Gender and Violence in Afghanistan

Solving the gender violence problem is a big challenge for the people of our country, and at the same time we have thousands of other problems also facing our people.

When I think of gender and violence, I think of the main challenges for Afghanistan: civil war and attacks that could come in the future. Economic issues—illiteracy and poverty and unemployment. And corruption.

To eliminate violence we need to provide opportunities and solutions. First of all we need peace in our country to eliminate violence. Then we must implement the rule of law as a basic right. We must place educated and professional people in key posts so we can decrease corruption. We must provide jobs for people. And finally, we need commitments from neighboring countries that they will not interfere in Afghanistan’s business. 

How can we trust and believe that Afghanistan, with all of these challenges highlighted above, will never face violence against women? In our rural areas, 99 percent of women are illiterate and poor. They are not aware of their rights or what role they could occupy in our society. 

There is a proverb that says women are like a piece of cloth. The parents put a price on their daughters the same way they price a piece of material for sale. 

But it is our role and responsibility not to blame one another. I have had this experience while attending meetings and workshops. People blame the government and our government blames people. 

However, if we give our hands to each other in unity, not blame, but trust and believe in each other, and if we do not depend too much on donors and funding, then I believe one day we will decrease the amount of violence in our country. Violence is a global problem and does not only belong to our country, and I hope one day we will never hear sad stories of violence.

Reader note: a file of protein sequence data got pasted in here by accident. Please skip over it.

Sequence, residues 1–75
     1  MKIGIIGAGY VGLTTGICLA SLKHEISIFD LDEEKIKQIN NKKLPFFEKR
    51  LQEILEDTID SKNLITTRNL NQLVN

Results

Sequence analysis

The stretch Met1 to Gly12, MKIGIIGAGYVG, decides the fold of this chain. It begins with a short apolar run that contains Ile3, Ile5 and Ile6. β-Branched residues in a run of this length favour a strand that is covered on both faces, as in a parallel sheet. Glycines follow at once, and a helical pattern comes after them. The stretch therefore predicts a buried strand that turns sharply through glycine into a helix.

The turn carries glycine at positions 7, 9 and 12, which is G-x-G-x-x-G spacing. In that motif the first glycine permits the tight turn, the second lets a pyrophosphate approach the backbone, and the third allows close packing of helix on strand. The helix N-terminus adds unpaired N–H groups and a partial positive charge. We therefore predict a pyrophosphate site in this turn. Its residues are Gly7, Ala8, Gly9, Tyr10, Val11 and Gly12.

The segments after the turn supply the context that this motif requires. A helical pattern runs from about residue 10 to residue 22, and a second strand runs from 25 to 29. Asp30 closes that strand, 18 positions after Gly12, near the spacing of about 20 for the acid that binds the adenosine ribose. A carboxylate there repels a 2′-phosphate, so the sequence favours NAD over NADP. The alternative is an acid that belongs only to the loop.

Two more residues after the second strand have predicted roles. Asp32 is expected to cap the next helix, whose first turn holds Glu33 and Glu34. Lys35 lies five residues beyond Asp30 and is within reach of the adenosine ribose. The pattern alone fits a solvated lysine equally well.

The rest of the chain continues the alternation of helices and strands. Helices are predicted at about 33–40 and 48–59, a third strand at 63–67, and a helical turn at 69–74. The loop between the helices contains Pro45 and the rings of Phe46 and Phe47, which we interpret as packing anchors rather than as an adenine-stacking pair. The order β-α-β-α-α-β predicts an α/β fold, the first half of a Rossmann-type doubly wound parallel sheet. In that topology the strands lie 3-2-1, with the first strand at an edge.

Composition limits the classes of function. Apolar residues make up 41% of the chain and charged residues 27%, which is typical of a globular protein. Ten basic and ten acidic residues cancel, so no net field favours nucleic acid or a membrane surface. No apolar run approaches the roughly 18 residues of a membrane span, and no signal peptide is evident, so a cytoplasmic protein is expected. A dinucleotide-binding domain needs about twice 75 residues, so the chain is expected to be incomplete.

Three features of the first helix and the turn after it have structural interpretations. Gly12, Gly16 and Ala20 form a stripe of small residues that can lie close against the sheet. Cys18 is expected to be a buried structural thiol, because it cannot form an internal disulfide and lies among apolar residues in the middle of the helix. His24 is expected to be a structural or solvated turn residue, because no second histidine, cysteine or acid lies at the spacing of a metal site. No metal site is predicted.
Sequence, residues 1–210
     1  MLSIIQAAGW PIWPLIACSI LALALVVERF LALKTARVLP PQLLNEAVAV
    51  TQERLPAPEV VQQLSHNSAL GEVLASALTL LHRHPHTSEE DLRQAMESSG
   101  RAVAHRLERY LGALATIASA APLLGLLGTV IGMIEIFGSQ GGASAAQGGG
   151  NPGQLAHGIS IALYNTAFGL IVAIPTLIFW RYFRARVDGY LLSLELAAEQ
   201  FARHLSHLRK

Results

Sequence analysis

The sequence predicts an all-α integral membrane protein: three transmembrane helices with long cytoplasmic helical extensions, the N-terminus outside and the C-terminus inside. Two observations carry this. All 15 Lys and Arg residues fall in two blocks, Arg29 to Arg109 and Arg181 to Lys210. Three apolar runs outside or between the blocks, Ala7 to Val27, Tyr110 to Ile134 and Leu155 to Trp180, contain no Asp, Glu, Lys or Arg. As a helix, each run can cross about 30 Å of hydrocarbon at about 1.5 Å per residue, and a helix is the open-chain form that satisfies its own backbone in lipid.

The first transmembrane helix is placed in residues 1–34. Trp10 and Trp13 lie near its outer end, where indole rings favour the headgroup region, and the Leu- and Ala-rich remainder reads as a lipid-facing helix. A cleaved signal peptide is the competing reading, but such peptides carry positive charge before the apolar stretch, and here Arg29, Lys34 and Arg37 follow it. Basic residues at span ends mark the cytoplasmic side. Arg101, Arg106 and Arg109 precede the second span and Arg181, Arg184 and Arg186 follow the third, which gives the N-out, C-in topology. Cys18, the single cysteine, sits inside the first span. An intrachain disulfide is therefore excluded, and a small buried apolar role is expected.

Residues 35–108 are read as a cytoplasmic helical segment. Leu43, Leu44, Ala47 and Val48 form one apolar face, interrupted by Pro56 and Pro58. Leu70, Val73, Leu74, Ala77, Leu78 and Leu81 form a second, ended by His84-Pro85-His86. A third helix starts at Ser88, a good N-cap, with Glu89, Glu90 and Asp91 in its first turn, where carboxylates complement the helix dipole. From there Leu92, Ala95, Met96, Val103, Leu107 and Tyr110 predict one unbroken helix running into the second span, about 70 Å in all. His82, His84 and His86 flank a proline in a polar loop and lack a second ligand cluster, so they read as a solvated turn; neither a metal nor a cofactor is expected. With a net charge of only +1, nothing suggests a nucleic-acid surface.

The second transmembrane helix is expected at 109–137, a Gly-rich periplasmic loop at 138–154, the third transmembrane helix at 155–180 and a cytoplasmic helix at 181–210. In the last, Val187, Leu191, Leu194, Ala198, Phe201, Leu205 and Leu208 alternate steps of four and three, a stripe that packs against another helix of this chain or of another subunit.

By Mariam


Comments

  1. Elizabeth Titus says:

    Dear Mariam,
    Thank you for this reasoned, clear essay! You write extremely well and make valid points.

    Liz

  2. Well said, Mariam. I think every leader in the world should hold in his and her thoughts and heart the words you wrote. This here is a recipe for peace.

  3. Thank you for this, Mariam! What you say is true: people price girls like they would pieces of cloth. It’s true everywhere, not only in Afghanistan. It seems to me that one of the first steps, as a woman, is to realize I can step out of the narrative in which I play an object that can be bought and sold.

  4. Nicely said. In the end we are all responsible. Powerful perspective.

  5. Gloria Nixon-John says:

    I see hope in your writing. Yes, you are correct education is vital in order to get women to think about themselves differently, and when they do begin to have knowledge, and self-esteem, things will begin to change no matter how many obstacles there are in the way. Sometimes it starts with looking into someones eyes and telling them that you see someone who holds great promise. You can change a life by that simple act. If a woman is a piece of cloth, together we can make a quilt. Educate women who will then educate their sons and daughters. You are a strong woman and I applaud you for your strength and you hope.

  6. Tilden J Le Melle says:

    Dear Mariam,
    To change the culture of any institution let alone that of a whole country is a very difficult task. Howeve, it can be done. Look at the historical anti-Black culture in the US. It has changed. It took the willingness to take on directly the power structure whose hegemony was dependent on maintaining the status quo. Ghandi and Martin Luther King, Jr., showed the Indians and African Americans how to do it. They exposed the evilness of white male dominance in their societies. The evilness of male dominance, legitimized through culture, can be exposed and defeated also. Women must do it.

  7. I as a human being and a Transsexual Woman, support you and your cause.
    I offer my “Crystal Connection’ Website and Blog, in support of your freedom……………!
    Just let me know how I can help……..

    Jamie Lee
    I will post this story on my Blog

  8. Albert George Thomas, MD, MS says:

    Greetings Mariam
    You embody the character and poise of a caring Afghan Citizen who is destined for greatness!
    When the opportunity arises other Patriots will hear your message and support your leadership.
    George

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